Stop Making Fuzzy 3D Prints!

Introduction: Stop Making Fuzzy 3D Prints!

About: If you enjoyed some of my projects, please take a moment an listen to some of the music of Bomber Goggles and Gekko Projekt. I play keyboards and write a lot of the music.

Out-of-the-box, 3D printers often produce "fuzzy" prints, especially at higher resolutions, and particularly when printing with ABS. In the picture above, the two green standoffs were printed in ABS from the same .STL file (shown in the lower picture.) The upper green part was printed with the default settings, while the lower one was printed using an adjustment that this Instructable shows you how to do.

Step 1: Fuzzy 3D Prints

"Fuzzy" 3D prints, as shown in the first picture above, have random extra blobs of plastic sticking out from the sides. In the second picture you can see that the part--created using different settings--follows the original design more closely and provides a smoother, more uniform surface.

Step 2: Understanding the Problem

So why is this happening? There's a widely ignored setting your printer uses to figure out how much plastic is squirting out when it pushes a given length of filament through the nozzle: the filament diameter setting. I had always assumed that all filament was manufactured with the correct diameter, but it turns out this is not the case. My printer uses filament advertised as having a diameter of 1.75 mm, the default value in the software is 1.77 mm, and my filament (purchased from MakerBot) is actually 1.95 mm in diameter.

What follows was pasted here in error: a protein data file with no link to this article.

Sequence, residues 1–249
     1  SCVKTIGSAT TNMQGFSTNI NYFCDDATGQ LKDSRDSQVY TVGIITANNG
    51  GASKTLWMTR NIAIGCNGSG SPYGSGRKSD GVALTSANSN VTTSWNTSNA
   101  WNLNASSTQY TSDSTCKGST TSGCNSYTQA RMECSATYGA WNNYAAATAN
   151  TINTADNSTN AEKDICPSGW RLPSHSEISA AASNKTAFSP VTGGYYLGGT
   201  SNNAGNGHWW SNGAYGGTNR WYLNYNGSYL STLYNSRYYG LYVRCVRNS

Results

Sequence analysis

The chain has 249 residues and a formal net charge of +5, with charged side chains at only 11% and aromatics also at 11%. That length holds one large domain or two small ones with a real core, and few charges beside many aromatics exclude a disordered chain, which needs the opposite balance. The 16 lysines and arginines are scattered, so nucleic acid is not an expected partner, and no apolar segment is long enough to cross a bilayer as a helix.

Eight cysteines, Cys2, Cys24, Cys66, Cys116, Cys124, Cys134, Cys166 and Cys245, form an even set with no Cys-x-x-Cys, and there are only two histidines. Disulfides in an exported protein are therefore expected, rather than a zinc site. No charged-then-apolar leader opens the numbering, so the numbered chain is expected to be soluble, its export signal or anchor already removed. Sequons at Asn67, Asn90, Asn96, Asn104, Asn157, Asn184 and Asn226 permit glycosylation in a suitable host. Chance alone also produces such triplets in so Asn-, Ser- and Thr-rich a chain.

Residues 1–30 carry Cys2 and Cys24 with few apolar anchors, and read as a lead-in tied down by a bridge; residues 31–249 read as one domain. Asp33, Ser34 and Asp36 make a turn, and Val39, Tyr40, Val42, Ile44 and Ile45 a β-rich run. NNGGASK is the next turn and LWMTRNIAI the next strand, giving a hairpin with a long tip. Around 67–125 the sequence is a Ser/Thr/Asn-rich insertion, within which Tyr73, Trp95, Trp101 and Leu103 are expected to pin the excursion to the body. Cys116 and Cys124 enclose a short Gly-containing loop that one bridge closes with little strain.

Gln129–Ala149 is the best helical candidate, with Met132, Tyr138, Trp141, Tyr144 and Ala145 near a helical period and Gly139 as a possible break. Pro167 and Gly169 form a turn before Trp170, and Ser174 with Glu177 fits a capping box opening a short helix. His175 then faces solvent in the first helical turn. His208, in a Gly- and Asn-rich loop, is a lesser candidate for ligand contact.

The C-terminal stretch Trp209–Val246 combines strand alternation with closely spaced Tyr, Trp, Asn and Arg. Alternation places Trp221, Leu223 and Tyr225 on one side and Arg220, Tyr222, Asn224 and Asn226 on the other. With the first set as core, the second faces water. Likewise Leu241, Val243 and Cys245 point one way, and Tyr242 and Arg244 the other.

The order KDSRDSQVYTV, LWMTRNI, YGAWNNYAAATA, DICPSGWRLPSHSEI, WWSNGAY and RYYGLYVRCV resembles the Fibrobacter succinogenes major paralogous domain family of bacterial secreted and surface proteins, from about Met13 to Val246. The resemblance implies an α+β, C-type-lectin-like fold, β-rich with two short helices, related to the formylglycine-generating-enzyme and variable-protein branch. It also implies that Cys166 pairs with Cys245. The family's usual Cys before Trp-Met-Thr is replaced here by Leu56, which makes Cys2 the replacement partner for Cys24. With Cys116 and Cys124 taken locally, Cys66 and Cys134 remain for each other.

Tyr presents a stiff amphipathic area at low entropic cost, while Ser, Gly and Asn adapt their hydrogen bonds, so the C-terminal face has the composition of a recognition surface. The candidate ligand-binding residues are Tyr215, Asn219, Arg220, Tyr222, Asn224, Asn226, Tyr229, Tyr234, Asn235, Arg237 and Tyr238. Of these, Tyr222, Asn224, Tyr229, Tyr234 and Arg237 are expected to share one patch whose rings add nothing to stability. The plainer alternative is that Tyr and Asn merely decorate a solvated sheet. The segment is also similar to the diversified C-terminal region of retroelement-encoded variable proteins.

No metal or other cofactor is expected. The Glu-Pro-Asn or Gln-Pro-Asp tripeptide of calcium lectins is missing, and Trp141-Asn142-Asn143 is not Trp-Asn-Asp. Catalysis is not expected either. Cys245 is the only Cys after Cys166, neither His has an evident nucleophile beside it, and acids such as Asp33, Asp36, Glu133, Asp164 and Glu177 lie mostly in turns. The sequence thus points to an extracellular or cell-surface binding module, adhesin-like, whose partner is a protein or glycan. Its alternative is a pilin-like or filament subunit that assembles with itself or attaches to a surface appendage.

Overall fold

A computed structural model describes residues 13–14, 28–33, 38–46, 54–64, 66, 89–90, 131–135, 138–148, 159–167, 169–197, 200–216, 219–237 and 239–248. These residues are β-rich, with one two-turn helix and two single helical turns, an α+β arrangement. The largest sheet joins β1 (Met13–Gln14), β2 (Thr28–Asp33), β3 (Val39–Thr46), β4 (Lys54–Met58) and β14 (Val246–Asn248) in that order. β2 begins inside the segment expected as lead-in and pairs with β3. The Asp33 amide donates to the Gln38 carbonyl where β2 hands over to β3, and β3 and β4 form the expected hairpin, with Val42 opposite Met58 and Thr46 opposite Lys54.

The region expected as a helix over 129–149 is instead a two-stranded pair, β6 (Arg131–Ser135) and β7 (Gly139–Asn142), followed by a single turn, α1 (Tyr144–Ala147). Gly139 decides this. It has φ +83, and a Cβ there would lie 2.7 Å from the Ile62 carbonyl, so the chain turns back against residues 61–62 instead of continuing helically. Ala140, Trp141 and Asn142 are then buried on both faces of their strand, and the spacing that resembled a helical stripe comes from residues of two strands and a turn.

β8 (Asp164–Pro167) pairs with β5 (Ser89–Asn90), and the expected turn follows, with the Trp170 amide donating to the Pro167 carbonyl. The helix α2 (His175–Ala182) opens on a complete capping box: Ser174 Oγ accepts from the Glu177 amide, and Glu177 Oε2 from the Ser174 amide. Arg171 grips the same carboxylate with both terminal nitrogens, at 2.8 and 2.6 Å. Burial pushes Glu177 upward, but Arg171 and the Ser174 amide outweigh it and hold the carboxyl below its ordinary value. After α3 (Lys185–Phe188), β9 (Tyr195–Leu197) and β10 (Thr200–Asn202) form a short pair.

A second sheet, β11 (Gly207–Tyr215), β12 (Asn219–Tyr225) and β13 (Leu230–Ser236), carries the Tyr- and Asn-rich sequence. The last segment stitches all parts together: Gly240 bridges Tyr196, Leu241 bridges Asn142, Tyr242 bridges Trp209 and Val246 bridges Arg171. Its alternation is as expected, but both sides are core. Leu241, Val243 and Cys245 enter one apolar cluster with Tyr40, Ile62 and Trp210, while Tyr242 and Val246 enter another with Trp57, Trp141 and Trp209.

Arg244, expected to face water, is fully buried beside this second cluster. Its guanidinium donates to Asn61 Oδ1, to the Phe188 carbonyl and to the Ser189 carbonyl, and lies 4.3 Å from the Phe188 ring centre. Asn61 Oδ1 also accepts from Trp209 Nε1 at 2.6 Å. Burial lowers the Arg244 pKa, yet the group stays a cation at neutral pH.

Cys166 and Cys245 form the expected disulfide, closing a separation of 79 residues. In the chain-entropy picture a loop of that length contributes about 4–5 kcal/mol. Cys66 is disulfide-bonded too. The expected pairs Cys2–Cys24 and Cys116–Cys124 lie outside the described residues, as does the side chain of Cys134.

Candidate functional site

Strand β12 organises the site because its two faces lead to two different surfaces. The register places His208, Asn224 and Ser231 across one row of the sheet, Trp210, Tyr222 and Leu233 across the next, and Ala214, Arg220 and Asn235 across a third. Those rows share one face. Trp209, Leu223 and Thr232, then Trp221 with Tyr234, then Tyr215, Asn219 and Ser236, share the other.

The picture above shows the modified setting in the MakerBot desktop application, but there is a similar setting in ReplicatorG and other print preparation/slicing applications used on other printers.

Note: While an incorrect diameter is usually the problem, this can also be caused by the extrusion multiplier setting, the nozzle diameter setting, the extruder steps per mm setting or manual extrusion settings being set incorrectly. Getting these set up correctly is beyond the scope of this Instructable.

Step 3: Measure Your Filament and Change the Setting

To find the diameter of your filament, use a micrometer caliper to measure it at several points--on the filament that has not gone into the printer--and average them. (Filament that has gone into the hot end has often been melted and narrowed to fit into the nozzle.) Then put this value into your print preparation/slicing software, generate a new print (G code) file, and try printing. The new part should be less fuzzy. Remember to measure and change the setting again when you switch spools of filament.

No caliper? If you are doing 3D printing, you really should have a micrometer caliper. Harbor Freight regularly puts an inexpensive 6-inch digital one on sale for $11 with a coupon, so do yourself a favor and pick one up if you don't have one. While the $11 one is better than nothing, if you are doing any serious work, you will probably want a better one. Mine is a dial caliper that I got at a clearance sale years ago when the digital ones first came out. It works well, and if you like old-school equipment, you can still find dial calipers on eBay.

Step 4: Experiment

Once you have your printer producing reasonably good prints, you may still want to experiment with increasing/decreasing the filament diameter to get the best possible prints. You may want to do the same with the hot end temperature. Have fun making good prints!

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